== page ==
New ACT test saves you time and money


Julia Henning, online editor

ACT officials recently announced a new change for the test that would allow students to retake the specific sections of the test that they scored lower on. 

The ACT has been around since the 1960s as a way for schools and colleges to measure a consistent level of college readiness for all students around the world. Students can spend a large amount of money and time for standardized testing prep, both the SAT and ACT, and when desired scores are not achieved in just one or two sections, it means the student must sit through the entire test again when they really could just study the sections they want to take. This change could save time trying to restudy for all of the sections instead of putting time towards sections that are already at the mark. There has not been a price announced yet for just taking one section.

Standardized testing matters in the college admissions process which causes a lot of students to feel pressure to achieve high scores on the SAT and ACT. About 25% of American colleges have now become test optional, but that still leaves a large amount of schools that want the scores. 

This change will not come into effect until September of 2020, so until then, it is unknown how colleges will review and compare scores. It does bring up the question of whether colleges will use the method of “super scoring” anymore. “I don’t think anybody knows truly how this will play out,” Scottie Hill, director of college counseling, said. “I am not that worried though because most colleges and universities have super scored both the SAT and the ACT long before anybody applying to college ever used the word super score.”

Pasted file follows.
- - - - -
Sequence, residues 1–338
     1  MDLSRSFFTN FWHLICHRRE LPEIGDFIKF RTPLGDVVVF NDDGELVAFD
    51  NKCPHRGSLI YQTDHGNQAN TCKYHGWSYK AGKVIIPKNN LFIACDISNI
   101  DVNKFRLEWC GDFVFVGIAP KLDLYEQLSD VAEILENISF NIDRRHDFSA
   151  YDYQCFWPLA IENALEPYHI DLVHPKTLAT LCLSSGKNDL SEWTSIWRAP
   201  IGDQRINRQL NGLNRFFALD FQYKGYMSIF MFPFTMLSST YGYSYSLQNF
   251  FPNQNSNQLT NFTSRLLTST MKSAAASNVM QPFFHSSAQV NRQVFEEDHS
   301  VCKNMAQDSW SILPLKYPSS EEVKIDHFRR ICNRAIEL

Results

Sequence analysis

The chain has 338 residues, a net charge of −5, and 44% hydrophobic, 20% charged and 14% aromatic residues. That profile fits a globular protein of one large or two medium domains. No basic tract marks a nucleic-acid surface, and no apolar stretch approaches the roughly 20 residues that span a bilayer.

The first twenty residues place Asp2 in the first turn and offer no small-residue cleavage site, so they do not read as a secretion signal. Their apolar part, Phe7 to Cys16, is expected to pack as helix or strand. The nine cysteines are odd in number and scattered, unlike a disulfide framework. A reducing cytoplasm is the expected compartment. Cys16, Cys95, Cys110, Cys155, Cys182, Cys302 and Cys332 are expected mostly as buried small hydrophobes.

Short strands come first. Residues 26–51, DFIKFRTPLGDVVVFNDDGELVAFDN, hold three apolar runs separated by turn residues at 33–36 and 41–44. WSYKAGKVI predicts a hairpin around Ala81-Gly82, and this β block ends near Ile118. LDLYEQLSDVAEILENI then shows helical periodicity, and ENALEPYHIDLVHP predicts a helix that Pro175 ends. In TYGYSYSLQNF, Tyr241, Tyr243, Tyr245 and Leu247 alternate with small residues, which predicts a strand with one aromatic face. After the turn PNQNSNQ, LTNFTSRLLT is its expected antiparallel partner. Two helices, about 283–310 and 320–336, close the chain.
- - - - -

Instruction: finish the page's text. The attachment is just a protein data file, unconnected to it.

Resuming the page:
Super scoring is used by colleges at the time of reviewing an application to take a students’ best grades from each section from each time they’ve taken their SAT or ACT and give a cumulative score to present the best portfolio, but with the new test, it could eliminate that if a student is already taking the individual section again. “If you think about it, the better your score looks, the better the person who recruited you looks, the better their boss looks, the better their board of trustees looks, so it’s always been in everybody’s interest to have student’s score look the best possible.”

This change also benefits the company behind the ACT. They have been in competition with the SAT for years, and the change could increase the amount of students taking and the amount they are spending on the tests. Both companies are in battle to be the superior test, and always coming up with new tactics. This includes the SAT’s method of “adversity scoring” announced in May which would incorporate a student’s socioeconomic background into their score.

All of these tactics, including the new ACT retakes, are debated over whether they are genuine steps to put the students’ interests first or if they are just more PR for these companies. “They are trying any which way they can to get an advantage,” Hill said, “And so I view this more as a marketing ploy than really answering a student concern or a college concern, but if it helps my students have really wonderful test scores, then that’s great.”